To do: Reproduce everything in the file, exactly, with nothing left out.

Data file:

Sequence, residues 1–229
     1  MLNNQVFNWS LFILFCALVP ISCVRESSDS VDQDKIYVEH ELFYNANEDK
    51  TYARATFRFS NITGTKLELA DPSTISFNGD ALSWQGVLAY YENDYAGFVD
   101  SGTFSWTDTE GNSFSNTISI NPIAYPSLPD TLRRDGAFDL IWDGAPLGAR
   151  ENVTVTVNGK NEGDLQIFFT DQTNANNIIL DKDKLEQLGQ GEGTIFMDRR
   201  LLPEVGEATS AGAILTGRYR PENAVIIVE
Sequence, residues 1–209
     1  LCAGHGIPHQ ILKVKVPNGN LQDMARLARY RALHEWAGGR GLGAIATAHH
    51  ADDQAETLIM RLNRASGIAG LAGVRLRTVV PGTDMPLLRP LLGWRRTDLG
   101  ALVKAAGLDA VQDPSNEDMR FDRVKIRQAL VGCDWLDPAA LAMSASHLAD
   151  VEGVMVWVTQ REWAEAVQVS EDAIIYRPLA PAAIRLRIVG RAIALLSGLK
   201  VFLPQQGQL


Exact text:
Sequence, residues 1–229
     1  MLNNQVFNWS LFILFCALVP ISCVRESSDS VDQDKIYVEH ELFYNANEDK
    51  TYARATFRFS NITGTKLELA DPSTISFNGD ALSWQGVLAY YENDYAGFVD
   101  SGTFSWTDTE GNSFSNTISI NPIAYPSLPD TLRRDGAFDL IWDGAPLGAR
   151  ENVTVTVNGK NEGDLQIFFT DQTNANNIIL DKDKLEQLGQ GEGTIFMDRR
   201  LLPEVGEATS AGAILTGRYR PENAVIIVE
Sequence, residues 1–209
     1  LCAGHGIPHQ ILKVKVPNGN LQDMARLARY RALHEWAGGR GLGAIATAHH
    51  ADDQAETLIM RLNRASGIAG LAGVRLRTVV PGTDMPLLRP LLGWRRTDLG
   101  ALVKAAGLDA VQDPSNEDMR FDRVKIRQAL VGCDWLDPAA LAMSASHLAD
   151  VEGVMVWVTQ REWAEAVQVS EDAIIYRPLA PAAIRLRIVG RAIALLSGLK
   201  VFLPQQGQL